Agriculture faces radical change
MCC: Report by the Intergovernmental Panel on Climate Change shows that there is great need for change, misdirection through EU policy, but also opportunities through modern food trends.
The fight against global warming is now focusing on the agricultural sector. “It has now become clear that previous agricultural practices are incompatible with the 1.5-degree target”, says Sabine Fuss from the Berlin climate research institute MCC (Mercator Research Institute on Global Commons and Climate Change) in response to the special report on land use published by the IPCC (Intergovernmental Panel on Climate Change). For example, according to the report, global crop cultivation must become much more sustainable. This includes using far less climate-damaging artificial fertilisers and binding much more CO2 in the soil through more diverse crop rotations.
Fuss, who heads the working group on Sustainable Resource Management and Global Change at the MCC, concludes from the new report that "the national climate protection plans in the area of agriculture must be significantly tightened in the short term to produce considerable additional results before 2030”. She was a lead author in the 2018 IPCC Special Report on the 1.5-degree target, which outlined the efforts to limit global warming to a maximum of one and a half degrees above pre-industrial levels to keep climate impacts and the frequency of extreme weather events within acceptable limits. “If the rapid transition in agriculture, which accounts for about a fifth of all greenhouse gas emissions, does not succeed, it may result in serious land use competition”, says Fuss. “At that point, carbon will have to be removed from the atmosphere at large scale, for example through reforestation or cultivation of biomass for bioenergy, which could come at the expense of sufficient food supplies or conserving natural biodiversity.”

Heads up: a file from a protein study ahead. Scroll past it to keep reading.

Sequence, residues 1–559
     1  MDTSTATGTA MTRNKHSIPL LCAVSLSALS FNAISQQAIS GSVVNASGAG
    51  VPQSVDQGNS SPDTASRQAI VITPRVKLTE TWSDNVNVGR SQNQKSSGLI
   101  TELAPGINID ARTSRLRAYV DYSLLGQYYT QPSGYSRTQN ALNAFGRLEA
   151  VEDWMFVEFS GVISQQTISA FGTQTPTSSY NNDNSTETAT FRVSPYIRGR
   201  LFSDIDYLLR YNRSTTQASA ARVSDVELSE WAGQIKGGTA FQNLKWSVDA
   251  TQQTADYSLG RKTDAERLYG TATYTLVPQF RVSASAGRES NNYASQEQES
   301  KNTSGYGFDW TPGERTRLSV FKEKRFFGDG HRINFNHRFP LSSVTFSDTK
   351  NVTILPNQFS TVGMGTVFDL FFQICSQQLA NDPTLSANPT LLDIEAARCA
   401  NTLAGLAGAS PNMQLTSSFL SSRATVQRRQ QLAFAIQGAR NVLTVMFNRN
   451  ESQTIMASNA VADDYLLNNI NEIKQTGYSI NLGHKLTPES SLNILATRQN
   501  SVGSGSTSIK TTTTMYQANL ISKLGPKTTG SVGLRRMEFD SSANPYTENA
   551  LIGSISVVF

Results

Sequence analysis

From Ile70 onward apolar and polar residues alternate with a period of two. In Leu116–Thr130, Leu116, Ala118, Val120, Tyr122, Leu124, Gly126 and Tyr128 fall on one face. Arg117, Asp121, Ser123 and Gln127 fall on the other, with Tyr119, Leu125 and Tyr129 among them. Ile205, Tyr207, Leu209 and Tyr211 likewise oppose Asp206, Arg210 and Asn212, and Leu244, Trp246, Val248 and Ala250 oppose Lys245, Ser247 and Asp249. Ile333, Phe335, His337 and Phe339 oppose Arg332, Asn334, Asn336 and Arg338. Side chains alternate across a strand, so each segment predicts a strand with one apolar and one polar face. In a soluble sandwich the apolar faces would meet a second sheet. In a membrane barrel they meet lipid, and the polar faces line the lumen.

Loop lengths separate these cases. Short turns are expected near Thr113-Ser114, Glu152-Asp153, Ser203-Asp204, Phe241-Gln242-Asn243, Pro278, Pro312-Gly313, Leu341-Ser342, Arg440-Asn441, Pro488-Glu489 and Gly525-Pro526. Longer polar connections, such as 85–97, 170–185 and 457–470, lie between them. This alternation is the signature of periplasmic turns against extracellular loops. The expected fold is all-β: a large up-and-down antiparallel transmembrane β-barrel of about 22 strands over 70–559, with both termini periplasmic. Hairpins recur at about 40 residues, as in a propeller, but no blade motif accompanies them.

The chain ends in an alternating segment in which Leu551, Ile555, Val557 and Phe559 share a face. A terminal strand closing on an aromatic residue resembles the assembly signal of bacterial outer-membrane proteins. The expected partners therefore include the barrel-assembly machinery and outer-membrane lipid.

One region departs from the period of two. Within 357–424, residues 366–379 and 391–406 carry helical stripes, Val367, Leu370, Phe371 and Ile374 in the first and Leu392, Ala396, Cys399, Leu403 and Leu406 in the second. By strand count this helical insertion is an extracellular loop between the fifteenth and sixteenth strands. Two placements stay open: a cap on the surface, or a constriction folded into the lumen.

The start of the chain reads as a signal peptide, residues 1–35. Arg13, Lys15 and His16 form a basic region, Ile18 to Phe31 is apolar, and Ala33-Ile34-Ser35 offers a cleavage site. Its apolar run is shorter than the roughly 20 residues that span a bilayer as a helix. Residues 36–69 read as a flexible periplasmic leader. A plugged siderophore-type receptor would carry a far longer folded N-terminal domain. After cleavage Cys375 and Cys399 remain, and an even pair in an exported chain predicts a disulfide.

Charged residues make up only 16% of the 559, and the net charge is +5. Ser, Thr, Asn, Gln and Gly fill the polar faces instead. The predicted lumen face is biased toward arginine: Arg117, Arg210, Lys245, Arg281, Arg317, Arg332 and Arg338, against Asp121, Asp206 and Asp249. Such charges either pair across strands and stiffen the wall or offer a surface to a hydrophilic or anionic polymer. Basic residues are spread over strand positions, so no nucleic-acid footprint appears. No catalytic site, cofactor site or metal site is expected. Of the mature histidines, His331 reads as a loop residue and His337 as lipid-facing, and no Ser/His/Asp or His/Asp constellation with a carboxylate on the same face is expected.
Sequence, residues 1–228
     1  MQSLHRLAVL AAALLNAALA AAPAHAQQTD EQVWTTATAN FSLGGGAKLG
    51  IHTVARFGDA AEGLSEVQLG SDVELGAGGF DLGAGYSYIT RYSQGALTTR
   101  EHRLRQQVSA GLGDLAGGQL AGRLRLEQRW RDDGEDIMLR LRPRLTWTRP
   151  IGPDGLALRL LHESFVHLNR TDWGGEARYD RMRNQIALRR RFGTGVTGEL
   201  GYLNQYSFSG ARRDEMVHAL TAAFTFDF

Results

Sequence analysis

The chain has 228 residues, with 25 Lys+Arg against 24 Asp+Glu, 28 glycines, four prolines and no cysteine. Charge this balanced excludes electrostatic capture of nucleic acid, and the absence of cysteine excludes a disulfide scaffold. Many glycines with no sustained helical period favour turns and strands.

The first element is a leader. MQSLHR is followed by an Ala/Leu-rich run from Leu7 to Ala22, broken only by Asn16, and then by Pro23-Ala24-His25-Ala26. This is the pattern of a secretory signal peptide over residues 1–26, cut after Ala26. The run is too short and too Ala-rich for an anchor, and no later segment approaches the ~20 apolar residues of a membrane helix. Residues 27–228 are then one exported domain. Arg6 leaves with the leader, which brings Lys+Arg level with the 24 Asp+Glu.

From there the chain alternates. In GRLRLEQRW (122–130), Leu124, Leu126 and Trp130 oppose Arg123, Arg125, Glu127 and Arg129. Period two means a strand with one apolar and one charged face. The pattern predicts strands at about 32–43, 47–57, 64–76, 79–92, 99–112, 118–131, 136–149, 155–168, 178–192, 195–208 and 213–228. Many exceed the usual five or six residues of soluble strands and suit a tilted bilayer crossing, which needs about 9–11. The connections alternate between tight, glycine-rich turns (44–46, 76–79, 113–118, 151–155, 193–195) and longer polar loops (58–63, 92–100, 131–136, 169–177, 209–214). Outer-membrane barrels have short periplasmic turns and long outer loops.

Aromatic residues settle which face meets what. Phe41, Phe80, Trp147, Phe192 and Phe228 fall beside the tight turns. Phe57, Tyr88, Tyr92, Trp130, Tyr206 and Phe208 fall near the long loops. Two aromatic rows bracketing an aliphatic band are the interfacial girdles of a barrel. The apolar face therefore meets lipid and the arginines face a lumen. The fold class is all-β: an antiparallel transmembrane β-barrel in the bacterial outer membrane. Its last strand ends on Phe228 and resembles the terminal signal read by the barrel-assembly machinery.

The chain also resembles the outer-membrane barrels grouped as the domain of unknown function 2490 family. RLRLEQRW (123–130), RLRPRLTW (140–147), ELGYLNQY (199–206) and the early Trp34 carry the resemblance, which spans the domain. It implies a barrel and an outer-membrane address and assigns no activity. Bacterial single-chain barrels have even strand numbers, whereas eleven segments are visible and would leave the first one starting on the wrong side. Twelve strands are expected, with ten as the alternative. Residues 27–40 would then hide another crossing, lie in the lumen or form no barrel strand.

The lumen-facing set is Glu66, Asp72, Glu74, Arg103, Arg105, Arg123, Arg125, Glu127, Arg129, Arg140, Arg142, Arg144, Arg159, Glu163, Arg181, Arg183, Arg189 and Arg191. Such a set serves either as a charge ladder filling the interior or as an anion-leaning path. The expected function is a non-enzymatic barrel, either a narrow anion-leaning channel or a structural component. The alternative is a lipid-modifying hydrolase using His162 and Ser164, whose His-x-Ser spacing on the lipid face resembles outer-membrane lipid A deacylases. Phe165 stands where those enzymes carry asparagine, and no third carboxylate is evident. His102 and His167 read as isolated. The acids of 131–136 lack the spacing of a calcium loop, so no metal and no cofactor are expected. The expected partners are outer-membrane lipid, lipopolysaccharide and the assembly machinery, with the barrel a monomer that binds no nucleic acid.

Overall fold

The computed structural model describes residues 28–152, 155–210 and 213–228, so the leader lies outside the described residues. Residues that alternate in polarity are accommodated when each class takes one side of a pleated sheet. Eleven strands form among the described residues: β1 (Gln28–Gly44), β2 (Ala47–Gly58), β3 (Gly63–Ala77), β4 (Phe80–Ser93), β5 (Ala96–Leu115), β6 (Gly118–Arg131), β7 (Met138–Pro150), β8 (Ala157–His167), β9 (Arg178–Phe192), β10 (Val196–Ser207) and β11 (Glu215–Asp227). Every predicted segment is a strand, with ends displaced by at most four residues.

According to Felix Creutzig, head of the MCC Working Group on Land Use, Infrastructure and Transport, the new IPCC report should be considered a political “wake-up call to the EU”. After all, the Common Agricultural Policy, which is controlled from Brussels, systematically creates false incentives. “The direct payments granted in proportion to the farmed land constitute a disadvantage for farmers that manage their land sustainably, but advantage large agricultural corporations.” In 2017, these payments accounted for 69 percent of the total EU agricultural budget. “According to the EU Commission’s current reform plans, which are not aligned with climate protection, the share is expected to rise to 73 percent by 2027.” In addition, regulation appears to be flawed: “Companies violating good agricultural practices can safely expect only weak sanctions in the EU.”
Consumer habits, however, also play a significant role in this regard, says Creutzig. He serves at the IPCC as well: as a coordinating lead author, he is in charge of the chapter on demand, services and social aspects of mitigation in the sixth Assessment Report expected to be published in July 2021. “Beef has a particularly huge greenhouse gas footprint”, the expert emphasises. “In its new special report on land, the IPCC rates the impact of lifestyles on the climate footprint as particularly high – and thus also the opportunities offered by modern food trends. For example, the so-called Mediterranean diet, which is based on lentils, peas, vegetables, olive oil, and some fish, greatly reduces the footprint and is actually very healthy at the same time.” The state could also provide targeted incentives in this area, for example by adjusting the value-added tax: “Meat and dairy products should no longer be subsidised at the reduced rate of 7 percent in Germany.”